the scow schooner Annie L, built in 1900 by Emil Munder, unloading hay in San Francisco
As hay bales begin to dot the fields I’m reminded how little the landscape of West Sonoma County has changed since the late 19th century, when scow schooners still sailed down the rivers to deliver cargoes of hay, timber and other agricultural goods harvested nearby to the City on the Bay. It doesn’t take much effort for my thoughts to drift to boat-building and water-born voyages, especially as I prepare for my residency at Mildred’s Lane, near the Delaware.
I’ve always preferred work boats to yachts, especially simple barges like the scow schooner pictured at top, designed for shallow draft and to carry a heavy load under sail. The most primitive vessel of this type, a shanty boat with no power train, designed to drift down a river, is prosaically described by Harlan Hubbard in his classic book, Shanty Boat (1953, Dodd, Mead & Company), which I am currently re-reading and highly recommend. The memoir chronicles five years of the lives of the artists Harlan and Anna Hubbard, who spent two years building a boat and three years drifting it down the Ohio and Mississippi to New Orleans:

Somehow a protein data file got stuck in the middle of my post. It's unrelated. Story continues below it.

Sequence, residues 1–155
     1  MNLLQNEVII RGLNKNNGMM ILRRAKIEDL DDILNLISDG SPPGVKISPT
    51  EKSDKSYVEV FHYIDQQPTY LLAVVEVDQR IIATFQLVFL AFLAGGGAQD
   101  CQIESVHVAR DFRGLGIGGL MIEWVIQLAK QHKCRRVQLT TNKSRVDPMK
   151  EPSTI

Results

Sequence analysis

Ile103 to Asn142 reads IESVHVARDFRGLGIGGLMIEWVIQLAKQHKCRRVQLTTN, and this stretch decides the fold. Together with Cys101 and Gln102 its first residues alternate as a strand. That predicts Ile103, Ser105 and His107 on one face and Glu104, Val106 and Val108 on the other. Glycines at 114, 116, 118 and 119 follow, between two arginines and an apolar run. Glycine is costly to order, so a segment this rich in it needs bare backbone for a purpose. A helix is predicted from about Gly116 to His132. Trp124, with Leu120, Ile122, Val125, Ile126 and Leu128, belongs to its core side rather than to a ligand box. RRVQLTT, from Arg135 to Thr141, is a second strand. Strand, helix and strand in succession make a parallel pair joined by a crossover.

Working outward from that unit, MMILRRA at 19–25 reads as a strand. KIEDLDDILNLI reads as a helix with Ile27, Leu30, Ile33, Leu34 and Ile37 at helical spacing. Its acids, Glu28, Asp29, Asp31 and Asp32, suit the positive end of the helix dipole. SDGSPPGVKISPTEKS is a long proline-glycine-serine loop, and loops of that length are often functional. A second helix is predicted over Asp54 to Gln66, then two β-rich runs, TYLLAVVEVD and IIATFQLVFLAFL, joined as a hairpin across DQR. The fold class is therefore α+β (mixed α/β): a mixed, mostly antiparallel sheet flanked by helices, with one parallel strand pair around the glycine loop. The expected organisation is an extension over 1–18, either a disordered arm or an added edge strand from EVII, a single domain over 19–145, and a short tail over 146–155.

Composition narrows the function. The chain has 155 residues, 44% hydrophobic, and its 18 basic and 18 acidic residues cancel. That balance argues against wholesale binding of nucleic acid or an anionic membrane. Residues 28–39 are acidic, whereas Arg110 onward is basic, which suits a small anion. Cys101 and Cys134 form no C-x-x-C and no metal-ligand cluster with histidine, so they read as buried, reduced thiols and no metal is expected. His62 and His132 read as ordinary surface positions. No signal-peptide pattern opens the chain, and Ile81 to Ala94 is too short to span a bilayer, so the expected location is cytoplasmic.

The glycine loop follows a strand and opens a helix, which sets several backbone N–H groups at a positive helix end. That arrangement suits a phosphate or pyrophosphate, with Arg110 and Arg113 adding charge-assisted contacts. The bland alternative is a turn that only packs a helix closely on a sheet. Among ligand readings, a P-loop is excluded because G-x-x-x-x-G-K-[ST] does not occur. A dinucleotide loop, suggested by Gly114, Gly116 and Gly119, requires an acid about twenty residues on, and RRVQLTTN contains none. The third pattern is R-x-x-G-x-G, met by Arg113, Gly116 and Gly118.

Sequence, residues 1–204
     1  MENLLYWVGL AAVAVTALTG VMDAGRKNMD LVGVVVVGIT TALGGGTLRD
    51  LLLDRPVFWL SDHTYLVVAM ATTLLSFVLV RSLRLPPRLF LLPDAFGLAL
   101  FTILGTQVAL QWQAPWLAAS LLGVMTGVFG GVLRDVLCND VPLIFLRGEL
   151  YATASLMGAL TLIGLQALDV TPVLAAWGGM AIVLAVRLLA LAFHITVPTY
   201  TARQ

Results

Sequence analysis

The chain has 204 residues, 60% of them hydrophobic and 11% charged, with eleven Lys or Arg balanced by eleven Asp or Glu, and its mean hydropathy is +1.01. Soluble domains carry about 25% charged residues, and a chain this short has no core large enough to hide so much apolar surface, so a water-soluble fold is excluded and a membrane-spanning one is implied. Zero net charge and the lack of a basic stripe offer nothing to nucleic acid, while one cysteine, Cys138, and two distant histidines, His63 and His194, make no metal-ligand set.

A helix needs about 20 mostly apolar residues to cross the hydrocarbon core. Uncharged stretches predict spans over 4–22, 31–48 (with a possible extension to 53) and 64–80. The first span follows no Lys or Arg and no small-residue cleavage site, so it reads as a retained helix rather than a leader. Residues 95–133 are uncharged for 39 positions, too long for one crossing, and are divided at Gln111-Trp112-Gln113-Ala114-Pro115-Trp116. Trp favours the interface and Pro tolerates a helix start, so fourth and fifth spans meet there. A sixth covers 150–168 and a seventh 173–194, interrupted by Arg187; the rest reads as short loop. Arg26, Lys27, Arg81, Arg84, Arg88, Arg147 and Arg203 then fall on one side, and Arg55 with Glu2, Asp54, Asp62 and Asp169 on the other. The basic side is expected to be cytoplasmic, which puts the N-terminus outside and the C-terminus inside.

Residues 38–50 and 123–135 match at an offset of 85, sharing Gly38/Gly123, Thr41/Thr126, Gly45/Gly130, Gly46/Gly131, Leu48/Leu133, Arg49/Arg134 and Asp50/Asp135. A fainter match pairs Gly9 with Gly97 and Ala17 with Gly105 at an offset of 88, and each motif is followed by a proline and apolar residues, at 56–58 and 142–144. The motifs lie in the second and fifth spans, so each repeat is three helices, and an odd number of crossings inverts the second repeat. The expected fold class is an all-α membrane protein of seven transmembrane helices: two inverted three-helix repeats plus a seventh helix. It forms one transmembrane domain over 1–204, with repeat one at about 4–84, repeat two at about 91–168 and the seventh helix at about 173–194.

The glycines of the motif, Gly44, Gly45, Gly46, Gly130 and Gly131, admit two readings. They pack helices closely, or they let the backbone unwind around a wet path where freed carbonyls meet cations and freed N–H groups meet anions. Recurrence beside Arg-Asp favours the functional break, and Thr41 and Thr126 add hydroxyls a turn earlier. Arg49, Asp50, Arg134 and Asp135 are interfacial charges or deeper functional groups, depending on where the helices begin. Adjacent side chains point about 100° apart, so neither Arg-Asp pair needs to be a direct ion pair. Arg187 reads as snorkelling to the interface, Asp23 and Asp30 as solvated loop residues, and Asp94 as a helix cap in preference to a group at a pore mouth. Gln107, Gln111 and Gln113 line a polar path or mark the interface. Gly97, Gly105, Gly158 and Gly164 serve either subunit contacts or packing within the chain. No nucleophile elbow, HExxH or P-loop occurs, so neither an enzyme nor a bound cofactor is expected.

“I had no theories to prove. I merely wanted to try living by my own hands, independent as far as possible from a system of division of labor in which the participant loses most of the pleasure of making and growing things for himself.” (excerpt from ‘Shanty Boat’ by Harlan Hubbard (1953, Dodd, Mead & Co.)
This all has me revisiting my old notes and boat-building literature for the right vessel to build to meet the challenges of nearby waterways, which is very much my default mode.
sketch of an idea from 1999 for a light weight, inexpensive ‘collapsing barge’ to reach distant waterways overland